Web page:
We frequently see acclaim for those in the public eye who wear their good fortune openly and flash their success onto the masses who possess none. They lead a charmed, even envied life. You know them by their appearance, their amassed wealth, and titles of importance. They have extreme visibility and name recognition.

I would venture a guess those fortunate few know exactly how uncomfortable life would be for them without money. They understand not having money means not only less comfort but less luxury as well. There is no such thing as being pampered when you are an average person. I suspect this is why they do everything in their power to ensure they will never have to live like a poor person. Who wants to be living in distress, battling disease or injury on top of the day to day stresses? What I observe is the rich insulating themselves in their own little worlds to avoid the crises and tragedies the average person must usually endure. Obscene wealth helps them control their environment in a way to mitigate what regular citizens see as life always just happening to them. The less fortunate are, at the very least, having to cope daily and trying not to succumb in the process. It’s a hustle all the time, and full of pressure.

Rich people don’t cope. They don’t have to. All that is required is to manage because they have the breathing room to do so. Ka-Ching!

And the moral of the story? The label middle-class seems like the best place to reside.

8 thoughts on “Ka-Ching

  1. Hi Susi,
    Even the “middle class” struggles from day to day, maybe not so much financially, but in just about every other way. I guess it comes down to what you are used to having versus what you want to have. We have all heard the saying, the more you have the more you want, and for the middle class the more you want the harder you have to work to get it. And if you work too hard, you have no energy left to actually live.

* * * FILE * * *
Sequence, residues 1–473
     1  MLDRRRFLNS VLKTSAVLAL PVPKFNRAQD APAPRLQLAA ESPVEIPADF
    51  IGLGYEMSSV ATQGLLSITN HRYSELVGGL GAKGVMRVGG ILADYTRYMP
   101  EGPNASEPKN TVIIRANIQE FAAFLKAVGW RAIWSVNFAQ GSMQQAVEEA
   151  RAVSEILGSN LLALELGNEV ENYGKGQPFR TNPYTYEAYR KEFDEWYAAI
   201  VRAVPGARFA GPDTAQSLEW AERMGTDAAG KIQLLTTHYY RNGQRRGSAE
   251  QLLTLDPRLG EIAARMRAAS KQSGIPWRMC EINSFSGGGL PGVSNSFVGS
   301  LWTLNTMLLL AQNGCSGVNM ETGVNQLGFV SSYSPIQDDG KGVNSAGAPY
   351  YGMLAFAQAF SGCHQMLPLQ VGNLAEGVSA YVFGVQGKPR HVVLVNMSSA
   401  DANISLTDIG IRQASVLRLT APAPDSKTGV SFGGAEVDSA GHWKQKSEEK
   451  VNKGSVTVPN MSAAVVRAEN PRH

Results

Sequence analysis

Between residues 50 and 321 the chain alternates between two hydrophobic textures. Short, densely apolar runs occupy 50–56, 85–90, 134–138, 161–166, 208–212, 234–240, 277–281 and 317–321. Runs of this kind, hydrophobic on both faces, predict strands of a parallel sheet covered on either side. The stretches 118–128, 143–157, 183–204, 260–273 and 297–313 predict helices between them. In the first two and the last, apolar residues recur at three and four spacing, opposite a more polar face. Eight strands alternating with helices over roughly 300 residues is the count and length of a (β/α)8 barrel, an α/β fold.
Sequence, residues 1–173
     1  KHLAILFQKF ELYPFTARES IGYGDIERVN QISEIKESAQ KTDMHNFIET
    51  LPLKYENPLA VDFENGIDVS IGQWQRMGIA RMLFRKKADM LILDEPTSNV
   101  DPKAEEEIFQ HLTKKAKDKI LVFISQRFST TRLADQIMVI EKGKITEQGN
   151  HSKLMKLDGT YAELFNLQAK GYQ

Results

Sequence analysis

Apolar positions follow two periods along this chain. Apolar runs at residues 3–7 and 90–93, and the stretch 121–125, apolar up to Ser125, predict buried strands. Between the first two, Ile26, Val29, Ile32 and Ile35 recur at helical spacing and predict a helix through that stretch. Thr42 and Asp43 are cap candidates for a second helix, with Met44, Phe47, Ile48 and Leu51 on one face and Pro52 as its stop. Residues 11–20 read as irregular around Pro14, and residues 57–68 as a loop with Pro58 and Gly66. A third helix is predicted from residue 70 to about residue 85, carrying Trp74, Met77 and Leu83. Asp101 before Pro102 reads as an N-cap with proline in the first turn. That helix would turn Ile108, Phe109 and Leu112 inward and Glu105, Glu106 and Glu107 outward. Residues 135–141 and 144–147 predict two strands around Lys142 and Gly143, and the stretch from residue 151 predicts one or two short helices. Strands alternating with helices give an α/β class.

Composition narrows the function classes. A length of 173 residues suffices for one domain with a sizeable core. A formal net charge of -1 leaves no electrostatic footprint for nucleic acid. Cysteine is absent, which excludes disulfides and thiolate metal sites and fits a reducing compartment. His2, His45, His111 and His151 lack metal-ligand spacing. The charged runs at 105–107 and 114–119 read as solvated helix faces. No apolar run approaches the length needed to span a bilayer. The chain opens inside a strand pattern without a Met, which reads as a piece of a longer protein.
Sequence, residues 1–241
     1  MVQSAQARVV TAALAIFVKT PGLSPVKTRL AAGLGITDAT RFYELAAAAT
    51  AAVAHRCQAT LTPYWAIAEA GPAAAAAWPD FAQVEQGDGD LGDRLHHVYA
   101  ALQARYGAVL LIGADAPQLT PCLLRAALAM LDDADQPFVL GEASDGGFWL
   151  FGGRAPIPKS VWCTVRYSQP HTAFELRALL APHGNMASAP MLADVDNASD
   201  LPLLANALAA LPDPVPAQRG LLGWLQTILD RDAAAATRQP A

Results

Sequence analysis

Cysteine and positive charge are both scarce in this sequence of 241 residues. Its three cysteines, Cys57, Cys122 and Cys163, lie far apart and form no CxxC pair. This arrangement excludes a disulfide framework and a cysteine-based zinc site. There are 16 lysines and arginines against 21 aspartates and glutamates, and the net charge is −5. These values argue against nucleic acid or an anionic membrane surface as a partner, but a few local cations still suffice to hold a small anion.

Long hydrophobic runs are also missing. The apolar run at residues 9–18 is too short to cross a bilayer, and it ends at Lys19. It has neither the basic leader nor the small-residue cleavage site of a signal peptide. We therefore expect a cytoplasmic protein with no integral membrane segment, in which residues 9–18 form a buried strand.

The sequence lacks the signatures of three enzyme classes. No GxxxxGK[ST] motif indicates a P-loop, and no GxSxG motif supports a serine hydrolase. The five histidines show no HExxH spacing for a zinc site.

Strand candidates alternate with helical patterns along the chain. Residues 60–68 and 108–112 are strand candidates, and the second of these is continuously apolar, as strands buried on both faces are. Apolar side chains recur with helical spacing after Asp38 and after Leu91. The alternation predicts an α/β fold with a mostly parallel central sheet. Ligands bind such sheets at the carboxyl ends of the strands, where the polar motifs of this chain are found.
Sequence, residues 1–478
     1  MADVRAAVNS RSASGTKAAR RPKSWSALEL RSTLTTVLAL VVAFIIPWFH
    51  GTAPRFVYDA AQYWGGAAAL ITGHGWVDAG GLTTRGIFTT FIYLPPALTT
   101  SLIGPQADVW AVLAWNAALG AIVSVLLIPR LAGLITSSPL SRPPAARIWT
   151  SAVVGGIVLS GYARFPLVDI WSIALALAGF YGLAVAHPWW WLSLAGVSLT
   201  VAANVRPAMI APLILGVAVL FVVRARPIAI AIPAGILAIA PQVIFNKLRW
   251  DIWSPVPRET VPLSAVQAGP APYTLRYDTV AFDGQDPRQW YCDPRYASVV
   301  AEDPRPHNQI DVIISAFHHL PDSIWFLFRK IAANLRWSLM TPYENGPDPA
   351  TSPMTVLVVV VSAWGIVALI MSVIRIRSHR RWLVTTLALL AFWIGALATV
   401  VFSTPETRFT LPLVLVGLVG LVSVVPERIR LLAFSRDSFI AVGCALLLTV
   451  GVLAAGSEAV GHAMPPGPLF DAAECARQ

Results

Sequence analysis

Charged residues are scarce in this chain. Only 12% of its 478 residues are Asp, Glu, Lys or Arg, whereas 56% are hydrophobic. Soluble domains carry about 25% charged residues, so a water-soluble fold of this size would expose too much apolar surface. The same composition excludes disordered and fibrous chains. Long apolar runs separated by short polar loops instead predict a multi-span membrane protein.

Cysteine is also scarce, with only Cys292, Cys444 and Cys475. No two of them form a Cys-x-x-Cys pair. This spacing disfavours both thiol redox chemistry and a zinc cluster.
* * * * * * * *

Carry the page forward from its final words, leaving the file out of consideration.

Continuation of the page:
When I was young, my best friend’s parents owned a restaurant. His mother worked 6 AM to 7 PM to make sure her restaurant, more of a local diner one might say, was a money-maker, while his father worked as a milkman delivering milk from 7 AM to 3 PM then went to the restaurant and worked there till 8 PM. There were no such thing as family meals, except holidays, and he barely knew who they were as people. Because they owned their own business they were considered middle class. To my poverty-level eyes they had everything, but as I grew up I realized how little they really had. There was no time for happiness, just work work work. They both died young, relatively speaking. I would wish their lives on no one.

    Liked by 1 person

  2. It seems that people perceive problems no matter their status. What do people see when they watch the Kardashians? The whole range of human emotions, some of which elevate minutia to crisis. The operant captions: “OMG!,” and “Someone did something to someone” 😉

    Liked by 1 person

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